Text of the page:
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    • "Indeed, the recently solved structures of the C-terminal region of Spt6 revealed that the region actually contains two SH2 domains in tandem that are intimately associated with each other (Figure 1C) [48-51]. The phospho-binding pocket of the N-terminal SH2 domain, which contributes to CTD phosphopeptide binding, contains an arginine that is invariant among eukaryotic SH2 domains [49,50,52]. In contrast, the corresponding pocket in the C-terminal SH2 domain lacks an arginine, and NMR titration studies suggest that this pocket is not used for peptide binding. "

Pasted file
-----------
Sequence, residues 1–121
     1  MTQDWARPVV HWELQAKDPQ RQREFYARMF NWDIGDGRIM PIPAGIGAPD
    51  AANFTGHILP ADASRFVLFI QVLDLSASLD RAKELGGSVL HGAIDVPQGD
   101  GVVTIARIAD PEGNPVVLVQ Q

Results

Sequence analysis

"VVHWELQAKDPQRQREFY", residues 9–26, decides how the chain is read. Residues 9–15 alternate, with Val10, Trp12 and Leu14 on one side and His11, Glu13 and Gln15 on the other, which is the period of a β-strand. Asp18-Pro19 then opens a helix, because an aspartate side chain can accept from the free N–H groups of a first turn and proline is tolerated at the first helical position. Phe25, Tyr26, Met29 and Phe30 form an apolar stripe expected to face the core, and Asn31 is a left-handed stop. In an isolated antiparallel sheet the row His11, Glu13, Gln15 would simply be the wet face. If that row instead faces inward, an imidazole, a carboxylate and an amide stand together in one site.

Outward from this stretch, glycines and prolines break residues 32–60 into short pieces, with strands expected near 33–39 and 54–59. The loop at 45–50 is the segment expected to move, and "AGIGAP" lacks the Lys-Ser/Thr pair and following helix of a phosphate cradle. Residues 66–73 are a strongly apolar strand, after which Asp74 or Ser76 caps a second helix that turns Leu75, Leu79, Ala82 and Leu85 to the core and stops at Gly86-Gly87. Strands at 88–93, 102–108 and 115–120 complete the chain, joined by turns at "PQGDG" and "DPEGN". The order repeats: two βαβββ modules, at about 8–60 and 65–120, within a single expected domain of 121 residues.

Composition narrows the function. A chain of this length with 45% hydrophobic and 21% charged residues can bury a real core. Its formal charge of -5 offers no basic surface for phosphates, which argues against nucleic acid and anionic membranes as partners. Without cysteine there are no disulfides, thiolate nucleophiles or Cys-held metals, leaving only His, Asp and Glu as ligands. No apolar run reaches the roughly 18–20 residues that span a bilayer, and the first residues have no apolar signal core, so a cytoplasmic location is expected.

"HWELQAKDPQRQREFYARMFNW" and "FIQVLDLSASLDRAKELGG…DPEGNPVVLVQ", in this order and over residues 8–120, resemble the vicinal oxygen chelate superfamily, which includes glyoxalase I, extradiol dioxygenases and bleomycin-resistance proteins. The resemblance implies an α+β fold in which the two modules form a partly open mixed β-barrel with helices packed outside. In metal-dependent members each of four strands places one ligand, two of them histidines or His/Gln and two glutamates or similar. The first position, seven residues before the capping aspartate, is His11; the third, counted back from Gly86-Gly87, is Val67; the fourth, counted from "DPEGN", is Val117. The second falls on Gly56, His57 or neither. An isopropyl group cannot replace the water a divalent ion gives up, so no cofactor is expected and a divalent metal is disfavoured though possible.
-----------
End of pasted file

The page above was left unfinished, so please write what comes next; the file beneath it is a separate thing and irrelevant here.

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    ABSTRACT: SH2 domains are long known prominent players in the field of phosphotyrosine recognition within signaling protein networks. However, over the years they have been joined by an increasing number of other protein domain families that can, at least with some of their members, also recognise pTyr residues in a sequence-specific context. This superfamily of pTyr recognition modules, which includes substantial fractions of the PTB domains, as well as much smaller, or even single member fractions like the HYB domain, the PKCdelta and PKCtheta C2 domains and RKIP, represents a fascinating, medically relevant and hence intensely studied part of the cellular signaling architecture of metazoans. Protein tyrosine phosphorylation clearly serves a plethora of functions and pTyr recognition domains are used in a similarly wide range of interaction modes, which encompass, for example, partner protein switching, tandem recognition functionalities and the interaction with catalytically active protein domains. If looked upon closely enough, virtually no pTyr recognition and regulation event is an exact mirror image of another one in the same cell. Thus, the more we learn about the biology and ultrastructural details of pTyr recognition domains, the more does it become apparent that nature cleverly combines and varies a few basic principles to generate a sheer endless number of sophisticated and highly effective recognition/regulation events that are, under normal conditions, elegantly orchestrated in time and space. This knowledge is also valuable when exploring pTyr reader domains as diagnostic tools, drug targets or therapeutic reagents to combat human diseases.